May 23, 2013

A Place for Bats by Melissa Stewart, illustrated by Higgins Bond

Posted in Uncategorized tagged , , , at 1:06 am by suebe2

A Place for Bats
by Melissa Stewart,
illustrated by Higgins Bond
Peachtree
AR 5.0

Mention bats and you get one of two reactions from people.  Cool! or Eww!

I learned I wasn’t alone in thinking they’re awesome on a Scout camp out when I spotted them zipping around the campsite, gobbling up mosquitoes.  When another Mom asked me what I was looking at, I just shrugged.  “Oh, I thought you might have seen the bats. They’re awesome.”

And they are. Bats pollinate crops (including mangoes), keep pests down, and are part of the food chain for other predators.

Unfortunately, we do many things that can harm bats.  In addition to pesticides, Stewarts book taught me that even wind turbines can be harmful.  It isn’t because the bats fly into them, but the difference in air pressure actually causes blood vessels to burst.  Eww!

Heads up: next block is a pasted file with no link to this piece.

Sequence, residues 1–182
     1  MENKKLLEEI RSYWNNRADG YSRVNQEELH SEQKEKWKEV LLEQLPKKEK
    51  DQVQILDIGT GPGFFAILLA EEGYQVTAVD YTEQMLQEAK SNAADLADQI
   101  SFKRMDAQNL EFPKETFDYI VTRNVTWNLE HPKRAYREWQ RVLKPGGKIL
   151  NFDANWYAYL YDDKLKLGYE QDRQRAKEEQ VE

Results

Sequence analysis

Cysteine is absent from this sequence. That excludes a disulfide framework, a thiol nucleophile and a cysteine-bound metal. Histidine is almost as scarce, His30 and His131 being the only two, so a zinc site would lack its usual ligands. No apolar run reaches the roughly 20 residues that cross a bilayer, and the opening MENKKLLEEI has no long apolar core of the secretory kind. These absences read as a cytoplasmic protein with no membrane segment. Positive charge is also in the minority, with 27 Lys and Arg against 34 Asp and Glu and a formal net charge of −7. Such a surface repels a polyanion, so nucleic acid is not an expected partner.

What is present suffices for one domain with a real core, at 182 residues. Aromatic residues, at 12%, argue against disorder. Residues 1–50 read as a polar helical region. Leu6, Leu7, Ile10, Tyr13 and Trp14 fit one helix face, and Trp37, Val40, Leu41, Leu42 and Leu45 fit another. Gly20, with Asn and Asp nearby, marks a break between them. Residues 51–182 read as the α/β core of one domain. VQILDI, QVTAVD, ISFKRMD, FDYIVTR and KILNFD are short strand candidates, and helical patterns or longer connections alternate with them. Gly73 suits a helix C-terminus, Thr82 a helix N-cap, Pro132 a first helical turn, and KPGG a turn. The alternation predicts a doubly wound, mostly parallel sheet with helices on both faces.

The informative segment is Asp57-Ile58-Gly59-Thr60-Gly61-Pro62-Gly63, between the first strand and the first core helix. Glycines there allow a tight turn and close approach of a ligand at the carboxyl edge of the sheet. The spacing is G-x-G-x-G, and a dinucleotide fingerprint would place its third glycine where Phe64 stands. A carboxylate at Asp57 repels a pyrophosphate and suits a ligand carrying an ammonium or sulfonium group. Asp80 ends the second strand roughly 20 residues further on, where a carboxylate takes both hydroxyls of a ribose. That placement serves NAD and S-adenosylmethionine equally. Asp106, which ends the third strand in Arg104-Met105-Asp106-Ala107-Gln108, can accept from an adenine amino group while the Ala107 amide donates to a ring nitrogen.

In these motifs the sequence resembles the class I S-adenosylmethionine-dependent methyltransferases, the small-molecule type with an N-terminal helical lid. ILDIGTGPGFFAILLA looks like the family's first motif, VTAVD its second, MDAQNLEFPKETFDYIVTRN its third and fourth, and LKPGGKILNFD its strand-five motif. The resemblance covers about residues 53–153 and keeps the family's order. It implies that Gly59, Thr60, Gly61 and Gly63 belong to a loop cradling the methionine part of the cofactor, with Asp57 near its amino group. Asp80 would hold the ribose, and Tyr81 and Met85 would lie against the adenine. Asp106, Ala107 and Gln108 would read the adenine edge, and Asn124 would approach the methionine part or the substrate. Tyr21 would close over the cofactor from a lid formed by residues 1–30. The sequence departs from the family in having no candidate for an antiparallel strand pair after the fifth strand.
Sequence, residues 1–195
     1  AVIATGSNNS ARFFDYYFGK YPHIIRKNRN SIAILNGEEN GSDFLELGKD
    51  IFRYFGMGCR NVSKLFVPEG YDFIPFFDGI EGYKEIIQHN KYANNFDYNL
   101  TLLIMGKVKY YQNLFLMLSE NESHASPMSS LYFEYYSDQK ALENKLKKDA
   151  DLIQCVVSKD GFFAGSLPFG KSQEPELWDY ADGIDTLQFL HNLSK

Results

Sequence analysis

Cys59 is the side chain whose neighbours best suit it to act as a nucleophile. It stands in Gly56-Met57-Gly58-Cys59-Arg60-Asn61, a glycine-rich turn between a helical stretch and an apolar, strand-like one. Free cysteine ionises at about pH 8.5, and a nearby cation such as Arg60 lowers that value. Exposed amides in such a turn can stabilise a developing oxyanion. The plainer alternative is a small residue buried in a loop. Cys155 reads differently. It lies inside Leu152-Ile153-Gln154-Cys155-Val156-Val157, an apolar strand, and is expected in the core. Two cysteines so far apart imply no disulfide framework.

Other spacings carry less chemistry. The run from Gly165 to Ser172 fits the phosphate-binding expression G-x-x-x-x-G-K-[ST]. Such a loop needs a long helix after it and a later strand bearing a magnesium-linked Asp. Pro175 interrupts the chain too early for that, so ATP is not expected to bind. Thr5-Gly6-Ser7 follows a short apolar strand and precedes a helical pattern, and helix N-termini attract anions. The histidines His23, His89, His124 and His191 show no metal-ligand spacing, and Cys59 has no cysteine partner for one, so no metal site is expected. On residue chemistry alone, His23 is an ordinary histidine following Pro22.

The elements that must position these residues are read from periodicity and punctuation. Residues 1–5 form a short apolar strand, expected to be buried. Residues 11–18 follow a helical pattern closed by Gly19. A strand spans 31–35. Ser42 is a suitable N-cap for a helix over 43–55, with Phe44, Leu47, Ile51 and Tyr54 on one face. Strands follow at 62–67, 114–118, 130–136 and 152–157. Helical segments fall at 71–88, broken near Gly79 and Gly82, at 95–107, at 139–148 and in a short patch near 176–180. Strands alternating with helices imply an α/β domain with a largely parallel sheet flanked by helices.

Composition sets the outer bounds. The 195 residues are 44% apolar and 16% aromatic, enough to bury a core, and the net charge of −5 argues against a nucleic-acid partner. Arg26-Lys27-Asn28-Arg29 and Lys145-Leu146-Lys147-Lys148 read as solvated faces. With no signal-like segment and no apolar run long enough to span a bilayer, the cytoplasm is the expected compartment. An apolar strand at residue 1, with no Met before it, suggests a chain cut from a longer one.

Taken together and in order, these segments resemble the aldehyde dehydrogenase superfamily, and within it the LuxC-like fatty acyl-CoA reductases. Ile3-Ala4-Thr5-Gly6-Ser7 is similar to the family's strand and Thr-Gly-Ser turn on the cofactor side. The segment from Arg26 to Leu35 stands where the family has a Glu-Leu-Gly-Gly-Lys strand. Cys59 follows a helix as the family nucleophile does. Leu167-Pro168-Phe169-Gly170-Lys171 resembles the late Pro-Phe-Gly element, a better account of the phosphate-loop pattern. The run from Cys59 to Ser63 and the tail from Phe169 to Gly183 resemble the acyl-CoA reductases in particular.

Don’t think this is one of those gloom and doom books.  Stewart peppers the text with ways that people can help the bats who live around them.

The text is composed of a short main text that gives information on how we share our environment with bats.  There is also a sidebar for each spread that talks about a specific type of bat, such as an Indiana Bat or a Western Red Bat, and how it’s struggle to survive can be helped by simple steps taken by caring humans.

Bond’s acrylic paintings show an amazing amount of detail ranging from the finger bones in a Mexican Free-Tailed Bats wings to the amazing ears on the Virginia Big-Eared Bat.

I have been fascinated by bats since I was little and my grandfather would walk me into the mines where I would see wee tiny figures clinging to the walls.  Whenever I’m in a cave, I look for bats.  And I’ve learned where to spot them in the roofs at Scout camps or soaring around bill boards lit along the highways.

Share this with the young nature lover in your life and spend your evening searching for the swooping, diving figures of the bats that share our world.

–SueBE

 

 

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